Aug. 4, 2014


Comments

 
 
 
  • One additional reason dealers often actually prefer "flats". Dealer reserve is subject to chargeback for early payoff (typically 90 days). It is not at all uncommon for dealers to write large monthly checks for chargebacks. "Flats" generally are not subject to chargeback (whether paid by banks or CU's) And, with the "enhanced" flats many lenders are paying, the difference between the flat and reserve is relatively small. Remember also that the dealers aren't paid the entire amount of the spread. It is typically split 70/30 with the bank retaining 30%. And also, many F & I people aren't paid a commission on reserve, but only on products sold.
    Scott Lewis
     
     
     
  • This is just silly. In order to get paid, the dealers will send the loans to a bank which will charge the borrowers other fees in every conceivable way. F&I people at the dealership work on commission, and will send their business where the money is. Why should Member One allow this business to go to a bank?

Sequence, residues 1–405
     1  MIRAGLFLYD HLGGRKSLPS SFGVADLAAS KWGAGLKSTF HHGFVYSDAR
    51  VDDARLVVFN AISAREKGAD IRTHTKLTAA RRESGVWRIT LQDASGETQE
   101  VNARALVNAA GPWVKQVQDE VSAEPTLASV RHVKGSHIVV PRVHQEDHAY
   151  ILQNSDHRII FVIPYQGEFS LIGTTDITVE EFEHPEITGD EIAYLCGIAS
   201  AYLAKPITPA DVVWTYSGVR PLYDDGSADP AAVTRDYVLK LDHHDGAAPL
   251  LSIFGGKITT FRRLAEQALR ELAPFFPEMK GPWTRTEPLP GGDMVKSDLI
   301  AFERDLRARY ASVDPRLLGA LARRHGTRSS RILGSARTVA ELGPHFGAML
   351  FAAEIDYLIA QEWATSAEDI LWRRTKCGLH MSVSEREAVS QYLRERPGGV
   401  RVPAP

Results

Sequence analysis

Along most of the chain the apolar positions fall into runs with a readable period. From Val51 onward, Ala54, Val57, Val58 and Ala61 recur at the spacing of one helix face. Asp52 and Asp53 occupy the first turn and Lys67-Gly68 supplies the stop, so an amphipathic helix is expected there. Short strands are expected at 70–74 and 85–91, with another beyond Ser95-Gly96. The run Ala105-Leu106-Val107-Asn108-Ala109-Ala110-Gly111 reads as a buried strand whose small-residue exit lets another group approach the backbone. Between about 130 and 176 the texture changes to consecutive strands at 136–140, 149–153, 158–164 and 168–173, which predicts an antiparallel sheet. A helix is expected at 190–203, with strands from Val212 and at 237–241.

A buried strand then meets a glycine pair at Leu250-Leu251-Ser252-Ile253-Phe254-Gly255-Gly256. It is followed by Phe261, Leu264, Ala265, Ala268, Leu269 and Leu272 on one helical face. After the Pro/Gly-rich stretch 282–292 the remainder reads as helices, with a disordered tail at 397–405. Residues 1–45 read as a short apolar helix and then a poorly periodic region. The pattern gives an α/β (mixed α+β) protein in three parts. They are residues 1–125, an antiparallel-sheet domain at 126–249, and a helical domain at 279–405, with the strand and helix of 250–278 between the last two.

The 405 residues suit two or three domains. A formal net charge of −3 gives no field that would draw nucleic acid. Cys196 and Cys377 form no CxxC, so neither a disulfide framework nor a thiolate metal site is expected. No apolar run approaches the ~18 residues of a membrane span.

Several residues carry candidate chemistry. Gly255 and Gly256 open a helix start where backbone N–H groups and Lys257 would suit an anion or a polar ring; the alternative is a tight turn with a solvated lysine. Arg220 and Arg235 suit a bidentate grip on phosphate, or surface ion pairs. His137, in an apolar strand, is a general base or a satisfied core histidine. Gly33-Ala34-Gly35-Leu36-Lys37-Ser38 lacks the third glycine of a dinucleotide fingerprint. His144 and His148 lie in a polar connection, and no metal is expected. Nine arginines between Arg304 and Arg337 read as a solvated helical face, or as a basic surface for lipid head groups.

Anonymous
     
     
     
  • for those of you that have moved to a flat fee; 1) when you were paying a percentage, how much did you payout as a base and who did you pay when the dealers increased the rates in a buy-up? 2) when you went to the flat fee, did you average what you were paying prior, including the buy-ups; 3) on the flat fee program, did you considered dollar amount tiers and term tiers or do you payout the same regardless of loan amount or term?
    Bill Walker
     
     
     
  • Koodos to Member One FCU
    Jan Southern
     
     
     
  • Flat rates are what we do at U T Federal Credit Union. And yes, anyone should know and must also accept the fact that in order to get business from dealers there must be an attractive incentive. Next, how can a credit union, being a credit union, even justify allowing dealers to have the a rate markup capability?
    David Smith
     
     
     
 
Advertisement